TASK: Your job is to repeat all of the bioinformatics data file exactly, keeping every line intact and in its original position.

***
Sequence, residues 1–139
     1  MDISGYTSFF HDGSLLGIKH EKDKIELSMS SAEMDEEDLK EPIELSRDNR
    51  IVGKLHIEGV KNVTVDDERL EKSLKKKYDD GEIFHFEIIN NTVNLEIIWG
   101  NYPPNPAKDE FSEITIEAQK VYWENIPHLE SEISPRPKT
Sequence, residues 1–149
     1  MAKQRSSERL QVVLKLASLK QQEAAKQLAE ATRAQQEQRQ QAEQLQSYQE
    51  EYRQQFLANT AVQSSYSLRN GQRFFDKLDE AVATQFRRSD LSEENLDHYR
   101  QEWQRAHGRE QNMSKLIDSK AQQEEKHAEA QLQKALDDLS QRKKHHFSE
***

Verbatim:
Sequence, residues 1–139
     1  MDISGYTSFF HDGSLLGIKH EKDKIELSMS SAEMDEEDLK EPIELSRDNR
    51  IVGKLHIEGV KNVTVDDERL EKSLKKKYDD GEIFHFEIIN NTVNLEIIWG
   101  NYPPNPAKDE FSEITIEAQK VYWENIPHLE SEISPRPKT
Sequence, residues 1–149
     1  MAKQRSSERL QVVLKLASLK QQEAAKQLAE ATRAQQEQRQ QAEQLQSYQE
    51  EYRQQFLANT AVQSSYSLRN GQRFFDKLDE AVATQFRRSD LSEENLDHYR
   101  QEWQRAHGRE QNMSKLIDSK AQQEEKHAEA QLQKALDDLS QRKKHHFSE